Connected by Ideas

Dayton Ballet presents Diversity in Dance

By Arnecia Patterson

Photo: Dayton Ballet’s 2012 presentation of “Butterfly Suite” as choreographed by Artistic Director Karen Russo Burke; photo: Scott J. Kimmins

Lyricism’s emotional appeal is sometimes constricted by rules – tried and tested conventions that dictate what is right or acceptable for most situations. Form, shape and vocabulary can offer sameness, and classical ballet has a reputation for choreography limited by these three things. Dancers, choreographers and audiences become used to how a turn will begin or how a jump will end after they have repeatedly taken part in enough performances. A fresh approach is like new breath. A feature of Dayton Ballet’s upcoming program Diversity in Dance is three works – by choreographers Gerald Arpino, Karen Russo Burke and Susanne Payne – that allow no holds on the ideas that underlie their making. In that regard, the diverse works, while unique, are ultimately connected.

From Feb. 13-16 at the Victoria Theatre, Dayton Ballet will present Diversity in Dance, a program that will show contrasting movement styles that connect to each other through the idea of pushing boundaries to celebrate spirit. The program is a repertory program of three ballets that highlight pure neo-classical movement and the metaphors of poetic narrative – both tragedy and triumph. Dayton Ballet artistic director Karen Russo Burke’s “Butterfly Suite” returns to the stage. Dancers interact with colorful silks to the music of Giacomo Puccini’s opera “Madama Butterfly” and create a motif that is loosely based on the operatic tragedy. The visual interplay of fabric and dancers is a new way of bringing life to a well loved tale. Additionally, the dance is renewed with a cast that brings its own energy to the return of Russo Burke’s “Butterfly Suite.”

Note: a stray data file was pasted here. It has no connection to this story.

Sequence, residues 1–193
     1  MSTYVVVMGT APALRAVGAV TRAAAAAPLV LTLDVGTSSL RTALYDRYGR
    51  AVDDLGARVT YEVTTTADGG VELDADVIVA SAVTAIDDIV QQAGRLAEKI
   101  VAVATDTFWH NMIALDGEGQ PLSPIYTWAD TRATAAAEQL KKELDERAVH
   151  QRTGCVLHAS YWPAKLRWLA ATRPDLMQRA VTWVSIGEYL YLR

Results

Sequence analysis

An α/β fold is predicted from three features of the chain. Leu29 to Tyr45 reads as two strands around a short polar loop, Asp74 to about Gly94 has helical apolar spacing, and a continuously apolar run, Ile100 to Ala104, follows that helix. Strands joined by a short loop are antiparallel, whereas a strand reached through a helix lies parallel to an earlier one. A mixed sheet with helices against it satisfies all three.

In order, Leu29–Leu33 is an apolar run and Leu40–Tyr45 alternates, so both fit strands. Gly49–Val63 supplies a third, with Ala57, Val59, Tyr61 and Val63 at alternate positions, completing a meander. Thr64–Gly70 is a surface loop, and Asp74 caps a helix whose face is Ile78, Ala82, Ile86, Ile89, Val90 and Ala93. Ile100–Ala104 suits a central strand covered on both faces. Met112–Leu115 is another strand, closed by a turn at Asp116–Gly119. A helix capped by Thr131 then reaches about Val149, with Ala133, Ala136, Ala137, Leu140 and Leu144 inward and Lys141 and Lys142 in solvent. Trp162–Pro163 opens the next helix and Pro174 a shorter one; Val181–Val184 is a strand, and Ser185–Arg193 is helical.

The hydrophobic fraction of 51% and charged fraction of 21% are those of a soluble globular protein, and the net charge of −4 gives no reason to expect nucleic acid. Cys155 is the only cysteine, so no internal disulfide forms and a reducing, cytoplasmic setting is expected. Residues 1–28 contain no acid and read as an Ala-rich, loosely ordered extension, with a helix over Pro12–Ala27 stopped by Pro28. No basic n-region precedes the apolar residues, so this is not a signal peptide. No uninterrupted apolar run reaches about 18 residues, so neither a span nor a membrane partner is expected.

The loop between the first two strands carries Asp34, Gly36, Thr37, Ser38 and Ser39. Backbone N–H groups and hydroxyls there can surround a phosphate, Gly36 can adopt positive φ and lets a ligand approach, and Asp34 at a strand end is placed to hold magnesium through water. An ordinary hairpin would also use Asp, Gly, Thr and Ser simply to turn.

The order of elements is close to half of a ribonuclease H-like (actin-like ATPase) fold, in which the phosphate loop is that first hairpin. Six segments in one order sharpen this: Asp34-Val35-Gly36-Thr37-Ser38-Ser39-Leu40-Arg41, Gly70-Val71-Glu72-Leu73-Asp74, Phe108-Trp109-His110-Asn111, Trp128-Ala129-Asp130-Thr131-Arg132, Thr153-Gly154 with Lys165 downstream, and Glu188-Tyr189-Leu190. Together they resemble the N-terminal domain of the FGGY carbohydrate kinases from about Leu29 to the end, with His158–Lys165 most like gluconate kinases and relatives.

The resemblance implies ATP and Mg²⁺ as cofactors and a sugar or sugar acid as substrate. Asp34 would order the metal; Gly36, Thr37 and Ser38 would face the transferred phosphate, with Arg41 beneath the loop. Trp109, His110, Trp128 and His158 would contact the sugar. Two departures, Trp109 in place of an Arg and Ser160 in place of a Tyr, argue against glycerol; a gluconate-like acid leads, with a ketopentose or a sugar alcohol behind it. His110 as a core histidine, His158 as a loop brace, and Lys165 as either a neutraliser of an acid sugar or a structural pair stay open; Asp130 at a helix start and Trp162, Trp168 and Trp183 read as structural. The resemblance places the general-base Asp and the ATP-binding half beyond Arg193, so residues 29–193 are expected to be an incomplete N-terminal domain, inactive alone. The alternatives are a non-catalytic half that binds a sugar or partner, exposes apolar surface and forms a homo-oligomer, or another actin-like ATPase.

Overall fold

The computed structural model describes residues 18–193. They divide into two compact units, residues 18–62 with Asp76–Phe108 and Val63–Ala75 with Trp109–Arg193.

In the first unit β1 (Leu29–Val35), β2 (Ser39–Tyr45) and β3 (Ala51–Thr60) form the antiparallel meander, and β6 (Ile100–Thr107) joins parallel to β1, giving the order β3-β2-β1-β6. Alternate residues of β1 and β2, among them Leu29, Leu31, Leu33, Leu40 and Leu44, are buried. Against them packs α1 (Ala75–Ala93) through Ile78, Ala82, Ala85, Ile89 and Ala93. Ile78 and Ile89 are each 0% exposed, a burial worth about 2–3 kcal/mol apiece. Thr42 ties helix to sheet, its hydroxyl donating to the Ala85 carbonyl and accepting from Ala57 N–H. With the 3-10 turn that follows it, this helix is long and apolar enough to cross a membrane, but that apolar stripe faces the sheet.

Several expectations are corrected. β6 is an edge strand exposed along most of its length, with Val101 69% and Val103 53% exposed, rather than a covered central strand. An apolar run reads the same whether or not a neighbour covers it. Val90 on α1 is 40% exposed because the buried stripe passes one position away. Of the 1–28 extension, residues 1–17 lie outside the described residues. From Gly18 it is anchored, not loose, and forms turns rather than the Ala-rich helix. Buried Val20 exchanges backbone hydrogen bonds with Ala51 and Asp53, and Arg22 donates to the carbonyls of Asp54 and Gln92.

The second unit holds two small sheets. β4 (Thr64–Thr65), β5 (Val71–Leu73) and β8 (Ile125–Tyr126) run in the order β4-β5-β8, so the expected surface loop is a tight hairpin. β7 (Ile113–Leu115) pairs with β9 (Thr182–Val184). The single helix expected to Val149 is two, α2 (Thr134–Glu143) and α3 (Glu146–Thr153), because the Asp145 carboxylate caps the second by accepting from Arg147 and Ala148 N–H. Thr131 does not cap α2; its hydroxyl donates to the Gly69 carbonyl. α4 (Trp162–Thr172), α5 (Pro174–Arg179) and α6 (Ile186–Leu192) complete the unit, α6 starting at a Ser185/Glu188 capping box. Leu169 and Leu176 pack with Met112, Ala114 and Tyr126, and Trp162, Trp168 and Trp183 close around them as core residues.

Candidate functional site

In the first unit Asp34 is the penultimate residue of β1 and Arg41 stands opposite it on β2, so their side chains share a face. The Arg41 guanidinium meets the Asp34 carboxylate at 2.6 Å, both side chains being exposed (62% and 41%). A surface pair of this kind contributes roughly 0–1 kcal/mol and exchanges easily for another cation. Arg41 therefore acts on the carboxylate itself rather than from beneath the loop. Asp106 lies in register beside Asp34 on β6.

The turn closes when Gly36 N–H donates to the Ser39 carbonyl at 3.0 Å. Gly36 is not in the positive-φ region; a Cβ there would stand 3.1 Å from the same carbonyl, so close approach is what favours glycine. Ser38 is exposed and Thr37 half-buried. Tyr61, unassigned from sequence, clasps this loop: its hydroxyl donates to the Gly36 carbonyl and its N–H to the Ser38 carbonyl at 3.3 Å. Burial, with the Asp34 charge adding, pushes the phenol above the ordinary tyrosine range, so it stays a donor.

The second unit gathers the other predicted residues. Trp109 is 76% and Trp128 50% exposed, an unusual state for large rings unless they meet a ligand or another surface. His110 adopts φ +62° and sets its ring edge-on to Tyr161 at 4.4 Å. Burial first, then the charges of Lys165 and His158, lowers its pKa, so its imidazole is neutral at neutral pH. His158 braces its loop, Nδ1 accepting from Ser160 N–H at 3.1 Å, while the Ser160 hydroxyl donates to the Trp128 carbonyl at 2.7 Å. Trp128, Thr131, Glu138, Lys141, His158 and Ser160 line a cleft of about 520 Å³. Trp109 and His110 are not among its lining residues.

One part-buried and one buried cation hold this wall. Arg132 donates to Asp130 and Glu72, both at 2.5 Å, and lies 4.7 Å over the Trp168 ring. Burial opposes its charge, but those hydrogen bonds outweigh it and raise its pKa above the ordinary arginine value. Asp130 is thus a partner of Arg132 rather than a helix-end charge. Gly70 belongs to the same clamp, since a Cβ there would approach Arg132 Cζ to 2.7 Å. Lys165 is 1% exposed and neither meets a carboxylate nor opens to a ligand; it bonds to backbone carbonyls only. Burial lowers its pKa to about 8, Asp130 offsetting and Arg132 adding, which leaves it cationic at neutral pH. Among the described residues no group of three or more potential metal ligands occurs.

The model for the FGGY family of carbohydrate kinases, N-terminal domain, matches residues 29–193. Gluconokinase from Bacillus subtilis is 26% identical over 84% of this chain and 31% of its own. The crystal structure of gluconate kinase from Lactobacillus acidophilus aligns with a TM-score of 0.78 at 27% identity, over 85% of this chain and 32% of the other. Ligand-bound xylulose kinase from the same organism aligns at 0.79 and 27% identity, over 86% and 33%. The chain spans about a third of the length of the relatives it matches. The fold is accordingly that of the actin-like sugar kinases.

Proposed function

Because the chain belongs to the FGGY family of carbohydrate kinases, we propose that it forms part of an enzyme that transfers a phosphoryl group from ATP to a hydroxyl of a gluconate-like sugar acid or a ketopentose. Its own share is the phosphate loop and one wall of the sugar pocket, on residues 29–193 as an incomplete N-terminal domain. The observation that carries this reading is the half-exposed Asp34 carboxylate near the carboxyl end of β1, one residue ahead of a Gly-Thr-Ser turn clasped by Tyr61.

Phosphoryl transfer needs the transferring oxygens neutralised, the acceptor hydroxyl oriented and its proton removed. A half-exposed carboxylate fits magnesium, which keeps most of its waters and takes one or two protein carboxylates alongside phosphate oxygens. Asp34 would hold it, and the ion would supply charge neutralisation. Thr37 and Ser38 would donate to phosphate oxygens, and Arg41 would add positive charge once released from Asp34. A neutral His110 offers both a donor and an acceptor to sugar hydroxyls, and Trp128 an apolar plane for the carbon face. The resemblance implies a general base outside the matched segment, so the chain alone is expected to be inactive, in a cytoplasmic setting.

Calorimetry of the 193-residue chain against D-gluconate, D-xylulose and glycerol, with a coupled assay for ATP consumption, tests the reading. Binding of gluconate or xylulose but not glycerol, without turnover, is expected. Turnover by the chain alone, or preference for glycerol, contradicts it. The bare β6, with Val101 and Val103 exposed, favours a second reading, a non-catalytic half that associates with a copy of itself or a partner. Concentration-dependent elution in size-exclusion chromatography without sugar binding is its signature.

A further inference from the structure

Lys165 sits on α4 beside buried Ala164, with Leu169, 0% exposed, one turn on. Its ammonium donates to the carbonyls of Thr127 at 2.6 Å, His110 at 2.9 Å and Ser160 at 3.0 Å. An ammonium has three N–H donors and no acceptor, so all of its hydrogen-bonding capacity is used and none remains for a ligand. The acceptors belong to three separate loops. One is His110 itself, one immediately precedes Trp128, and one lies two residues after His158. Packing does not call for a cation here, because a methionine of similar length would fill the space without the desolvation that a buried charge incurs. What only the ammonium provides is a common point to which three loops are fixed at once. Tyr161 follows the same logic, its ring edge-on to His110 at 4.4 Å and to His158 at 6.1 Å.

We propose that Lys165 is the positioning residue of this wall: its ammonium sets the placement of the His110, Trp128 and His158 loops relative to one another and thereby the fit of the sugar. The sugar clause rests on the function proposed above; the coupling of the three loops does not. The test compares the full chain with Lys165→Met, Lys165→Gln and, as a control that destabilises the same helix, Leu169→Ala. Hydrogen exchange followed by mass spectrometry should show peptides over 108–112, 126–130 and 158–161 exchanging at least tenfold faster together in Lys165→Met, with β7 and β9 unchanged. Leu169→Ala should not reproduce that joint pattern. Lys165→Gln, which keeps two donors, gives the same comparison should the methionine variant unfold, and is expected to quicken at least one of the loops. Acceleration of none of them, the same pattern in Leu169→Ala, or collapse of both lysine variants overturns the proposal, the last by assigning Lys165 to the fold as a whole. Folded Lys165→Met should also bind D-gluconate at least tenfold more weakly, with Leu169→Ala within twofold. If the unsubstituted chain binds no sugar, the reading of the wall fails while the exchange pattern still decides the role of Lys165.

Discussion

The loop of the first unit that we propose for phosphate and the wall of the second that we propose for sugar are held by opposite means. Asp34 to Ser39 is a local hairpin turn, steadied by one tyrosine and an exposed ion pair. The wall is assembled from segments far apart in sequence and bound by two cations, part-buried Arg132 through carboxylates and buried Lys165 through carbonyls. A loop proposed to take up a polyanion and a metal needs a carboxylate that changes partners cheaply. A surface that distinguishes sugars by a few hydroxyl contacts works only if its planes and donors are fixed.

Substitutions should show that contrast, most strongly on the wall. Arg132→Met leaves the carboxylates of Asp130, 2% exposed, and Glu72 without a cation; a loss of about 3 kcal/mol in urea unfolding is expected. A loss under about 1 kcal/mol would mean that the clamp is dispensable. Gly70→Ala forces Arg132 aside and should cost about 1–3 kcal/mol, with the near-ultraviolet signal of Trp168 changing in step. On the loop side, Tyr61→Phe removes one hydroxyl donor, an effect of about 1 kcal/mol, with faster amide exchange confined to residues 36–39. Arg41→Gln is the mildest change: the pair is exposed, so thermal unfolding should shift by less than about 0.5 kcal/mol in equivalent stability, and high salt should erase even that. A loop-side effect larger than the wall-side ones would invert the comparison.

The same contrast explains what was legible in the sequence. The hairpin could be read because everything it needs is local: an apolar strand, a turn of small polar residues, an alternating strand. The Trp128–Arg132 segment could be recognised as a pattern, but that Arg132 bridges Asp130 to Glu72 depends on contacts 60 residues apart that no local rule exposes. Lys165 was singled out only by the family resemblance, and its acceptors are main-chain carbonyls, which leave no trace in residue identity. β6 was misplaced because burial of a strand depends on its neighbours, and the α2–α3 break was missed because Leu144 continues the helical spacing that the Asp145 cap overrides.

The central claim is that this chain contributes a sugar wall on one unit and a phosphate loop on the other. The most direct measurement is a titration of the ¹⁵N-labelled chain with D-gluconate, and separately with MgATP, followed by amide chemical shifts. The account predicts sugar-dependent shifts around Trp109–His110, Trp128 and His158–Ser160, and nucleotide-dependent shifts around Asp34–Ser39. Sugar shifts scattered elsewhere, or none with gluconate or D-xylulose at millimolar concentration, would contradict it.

Momentum for a new creative outlet

When Susanne Payne moves from the marley floor of the dance studio to the space in front of it, she expresses herself differently. Instead of taking instruction, she dispenses it; instead of executing ideas, she formulates them. Payne was accustomed to being directed in the studio, during her career as a dancer, until that changed after she was selected as the winner of Dayton Ballet’s New Works New Music competition in 2012, and her budding career as a choreographer began. This season she returns to premier a new work – “Dreams of Flight” – inspired by Paulo Coelho’s novel, “The Alchemist.” Choreographed for Dayton Ballet’s nine men, the dance is set to music by Nicoco and uses Payne’s found movement style to reflect the possibility of becoming airborne.

Even though Payne’s work as a choreographer is finding its momentum, her career as a dancer has soared. By middle school, years after she took her first dance lessons at the community center in Oakwood at age three, she knew she wanted a dance career. “I fell in love with dance early, but in eighth grade I knew I was supposed to dance,” said Payne.

Over the next few years that followed, dance took her to some impressive places to study: Idyllwild Arts Academy, Interlochen Arts Academy and New York University; however, she had developed an affinity for Dayton Contemporary Dance Company, where she danced professionally for four seasons.